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A Cat in Paris

A Cat in Paris

Released 6 April 2012
Director(s) Jean-Loup Felicioli, Alain Gagnol
Starring



Dominique Blanc, Bruno Salomone, Jean Benguigui, Bernadette Lafont, Oriane Zani, Bernard Bouillon
Writer(s) Alain Gagnol
Producer(s) Jacques-Rémy Girerd
Origin

France, Netherlands, Switzerland, Belgium
Running Time 70 minutes
Genre Animation, crime, mystery
Rating PG
66

Feline good.

Earlier this year, French animation A Cat in Paris (directed by Jean-Loup Felicioli and Alain Gagnol) lost out to Gore Verbinski’s Rango in the Best Animated Feature category at the Oscars. It wasn’t a shock defeat but I would argue that while I praised Rango last year for its impeccable and imaginative design, A Cat in Paris is the more enjoyable experience of the two.

The cat in question is Dino. By day he is the loyal pet of a sad young girl called Zoe, by night he is the accomplice of a skilled burglar named Nico. Since the death of her police officer father at the hands of evil mob boss Costa, Zoe has fallen into silence while her mother Jeanne (also an officer) works tirelessly to put Costa behind bars. One night, Zoe sneaks out to follow Dino and makes friends with the kind-hearted Nico. On her way home, she accidentally comes across Costa and his gang and becomes involved in a dramatic chase around night-time Paris.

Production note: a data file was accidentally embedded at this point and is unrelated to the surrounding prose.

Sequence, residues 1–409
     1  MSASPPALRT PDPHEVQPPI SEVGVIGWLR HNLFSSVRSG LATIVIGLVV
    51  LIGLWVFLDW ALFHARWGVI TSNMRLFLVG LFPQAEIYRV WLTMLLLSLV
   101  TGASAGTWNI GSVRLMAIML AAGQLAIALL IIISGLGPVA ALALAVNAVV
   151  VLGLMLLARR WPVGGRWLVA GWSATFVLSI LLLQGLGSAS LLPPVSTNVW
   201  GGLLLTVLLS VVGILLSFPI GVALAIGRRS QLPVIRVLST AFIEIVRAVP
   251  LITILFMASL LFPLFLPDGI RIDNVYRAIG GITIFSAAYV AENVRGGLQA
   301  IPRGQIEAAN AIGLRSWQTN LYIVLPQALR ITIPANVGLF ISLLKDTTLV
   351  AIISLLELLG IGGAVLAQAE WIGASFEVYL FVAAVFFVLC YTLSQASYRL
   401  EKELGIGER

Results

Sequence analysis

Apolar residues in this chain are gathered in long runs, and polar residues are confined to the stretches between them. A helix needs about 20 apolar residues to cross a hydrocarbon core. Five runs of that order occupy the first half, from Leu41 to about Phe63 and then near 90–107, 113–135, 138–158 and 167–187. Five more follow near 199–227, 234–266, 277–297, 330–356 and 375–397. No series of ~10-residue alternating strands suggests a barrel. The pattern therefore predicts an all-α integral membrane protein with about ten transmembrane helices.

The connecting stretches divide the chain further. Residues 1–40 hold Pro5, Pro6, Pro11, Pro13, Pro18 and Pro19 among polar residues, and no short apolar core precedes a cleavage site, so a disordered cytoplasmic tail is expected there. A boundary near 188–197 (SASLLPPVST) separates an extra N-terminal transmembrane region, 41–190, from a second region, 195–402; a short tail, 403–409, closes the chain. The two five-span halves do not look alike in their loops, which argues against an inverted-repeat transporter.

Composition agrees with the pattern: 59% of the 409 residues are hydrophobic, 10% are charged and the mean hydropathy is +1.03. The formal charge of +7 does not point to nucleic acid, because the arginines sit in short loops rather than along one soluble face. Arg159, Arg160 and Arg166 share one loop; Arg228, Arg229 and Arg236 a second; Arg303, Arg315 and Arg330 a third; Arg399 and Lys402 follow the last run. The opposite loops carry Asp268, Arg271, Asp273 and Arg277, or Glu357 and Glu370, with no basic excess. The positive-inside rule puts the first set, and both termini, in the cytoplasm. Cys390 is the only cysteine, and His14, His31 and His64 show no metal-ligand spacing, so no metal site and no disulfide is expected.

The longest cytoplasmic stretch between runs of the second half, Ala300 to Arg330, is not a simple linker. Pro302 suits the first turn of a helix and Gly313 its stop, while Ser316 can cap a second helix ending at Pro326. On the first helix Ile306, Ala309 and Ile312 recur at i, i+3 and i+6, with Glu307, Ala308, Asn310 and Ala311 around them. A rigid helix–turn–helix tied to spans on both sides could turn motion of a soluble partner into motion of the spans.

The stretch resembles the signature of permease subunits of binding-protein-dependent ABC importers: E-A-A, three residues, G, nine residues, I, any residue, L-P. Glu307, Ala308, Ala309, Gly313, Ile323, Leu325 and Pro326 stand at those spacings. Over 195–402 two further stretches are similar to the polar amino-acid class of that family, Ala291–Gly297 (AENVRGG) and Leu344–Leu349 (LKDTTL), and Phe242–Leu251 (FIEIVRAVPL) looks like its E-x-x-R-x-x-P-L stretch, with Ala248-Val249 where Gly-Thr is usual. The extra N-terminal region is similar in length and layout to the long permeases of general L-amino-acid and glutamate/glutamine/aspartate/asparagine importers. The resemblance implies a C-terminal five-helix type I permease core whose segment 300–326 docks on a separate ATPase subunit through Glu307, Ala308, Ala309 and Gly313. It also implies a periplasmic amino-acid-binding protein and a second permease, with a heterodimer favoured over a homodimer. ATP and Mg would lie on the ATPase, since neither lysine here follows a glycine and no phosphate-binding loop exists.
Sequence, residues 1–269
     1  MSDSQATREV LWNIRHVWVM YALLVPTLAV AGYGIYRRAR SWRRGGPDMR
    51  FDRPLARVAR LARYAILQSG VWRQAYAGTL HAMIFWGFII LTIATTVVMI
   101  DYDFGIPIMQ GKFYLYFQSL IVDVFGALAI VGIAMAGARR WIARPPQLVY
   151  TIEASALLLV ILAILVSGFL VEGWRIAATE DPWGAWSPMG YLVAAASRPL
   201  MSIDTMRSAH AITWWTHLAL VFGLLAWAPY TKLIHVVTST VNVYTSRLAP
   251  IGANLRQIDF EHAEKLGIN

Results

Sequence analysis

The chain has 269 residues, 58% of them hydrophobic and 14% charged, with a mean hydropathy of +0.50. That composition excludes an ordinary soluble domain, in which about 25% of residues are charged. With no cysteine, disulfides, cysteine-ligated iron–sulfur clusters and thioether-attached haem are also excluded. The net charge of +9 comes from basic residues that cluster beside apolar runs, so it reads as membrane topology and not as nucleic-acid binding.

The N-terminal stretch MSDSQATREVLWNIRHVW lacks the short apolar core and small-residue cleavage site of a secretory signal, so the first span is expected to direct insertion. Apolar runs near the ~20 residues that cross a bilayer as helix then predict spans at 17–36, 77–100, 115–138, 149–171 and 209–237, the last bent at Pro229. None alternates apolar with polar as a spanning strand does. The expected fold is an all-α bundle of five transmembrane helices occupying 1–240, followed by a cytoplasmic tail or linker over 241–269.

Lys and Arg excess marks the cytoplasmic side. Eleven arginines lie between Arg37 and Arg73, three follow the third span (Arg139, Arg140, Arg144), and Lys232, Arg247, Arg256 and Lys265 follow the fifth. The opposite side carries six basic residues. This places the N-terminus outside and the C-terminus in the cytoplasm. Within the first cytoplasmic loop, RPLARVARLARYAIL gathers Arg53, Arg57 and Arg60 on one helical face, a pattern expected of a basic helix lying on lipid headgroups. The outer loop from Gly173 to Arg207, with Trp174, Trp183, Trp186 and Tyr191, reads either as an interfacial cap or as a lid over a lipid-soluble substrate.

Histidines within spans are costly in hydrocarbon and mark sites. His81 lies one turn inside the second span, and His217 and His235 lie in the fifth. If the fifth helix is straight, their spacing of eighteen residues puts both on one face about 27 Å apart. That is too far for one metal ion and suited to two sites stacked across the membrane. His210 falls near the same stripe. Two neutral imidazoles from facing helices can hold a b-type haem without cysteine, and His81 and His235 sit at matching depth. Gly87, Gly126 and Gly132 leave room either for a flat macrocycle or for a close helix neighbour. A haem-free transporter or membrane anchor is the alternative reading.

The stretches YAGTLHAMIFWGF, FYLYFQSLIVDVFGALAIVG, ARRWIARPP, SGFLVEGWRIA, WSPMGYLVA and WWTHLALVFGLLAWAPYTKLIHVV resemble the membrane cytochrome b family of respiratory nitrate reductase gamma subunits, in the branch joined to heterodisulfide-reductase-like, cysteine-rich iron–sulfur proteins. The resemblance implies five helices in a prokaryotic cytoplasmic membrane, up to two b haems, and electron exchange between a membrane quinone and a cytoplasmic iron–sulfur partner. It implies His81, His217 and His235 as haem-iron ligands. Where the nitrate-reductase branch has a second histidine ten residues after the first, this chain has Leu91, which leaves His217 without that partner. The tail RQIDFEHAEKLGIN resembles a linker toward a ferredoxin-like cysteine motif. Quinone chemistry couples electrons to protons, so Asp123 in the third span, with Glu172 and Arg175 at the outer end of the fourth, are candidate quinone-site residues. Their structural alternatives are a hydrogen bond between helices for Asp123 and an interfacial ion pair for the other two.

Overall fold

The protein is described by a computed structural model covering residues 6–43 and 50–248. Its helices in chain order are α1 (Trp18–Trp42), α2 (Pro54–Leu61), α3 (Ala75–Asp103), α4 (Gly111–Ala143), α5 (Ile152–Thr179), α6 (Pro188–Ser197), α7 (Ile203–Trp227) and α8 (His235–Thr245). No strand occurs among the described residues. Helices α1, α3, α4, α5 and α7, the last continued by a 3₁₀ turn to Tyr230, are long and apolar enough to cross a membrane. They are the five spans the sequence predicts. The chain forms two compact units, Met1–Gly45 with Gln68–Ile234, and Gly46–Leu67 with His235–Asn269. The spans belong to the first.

Just like Rango, the animation of A Cat in Paris is beautiful and individual but is on the other end of the technological scale, being hand drawn and in 2D. The central characters have an elongated look to them; their long faces simply drawn and strikingly similar to the paintings of Italian artist Modigliani. This style is particularly well suited to the character of Nico - the fluid movement of his limbs is fun to watch. The environments are similarly striking, interiors are colourfully decorated, while the Parisian rooftops are beautifully rendered against a dusky blue sky.

The story is not as intricate as the animation but is substantial enough to keep our interest and deals with subject matter that is perhaps a little more grown up than your average animation. The good guys are likeable and the villain is menacing, even though the megalomaniac Costa and his host of incompetent lackeys are the main source of the film’s chuckles.

Inundated as we are with the very latest in digital animation, sometimes it’s nice to go back to the old school. A Cat in Paris is a beautiful example of hand-drawn animation and fans of the genre will find it a pleasure to watch.

- Linda O’Brien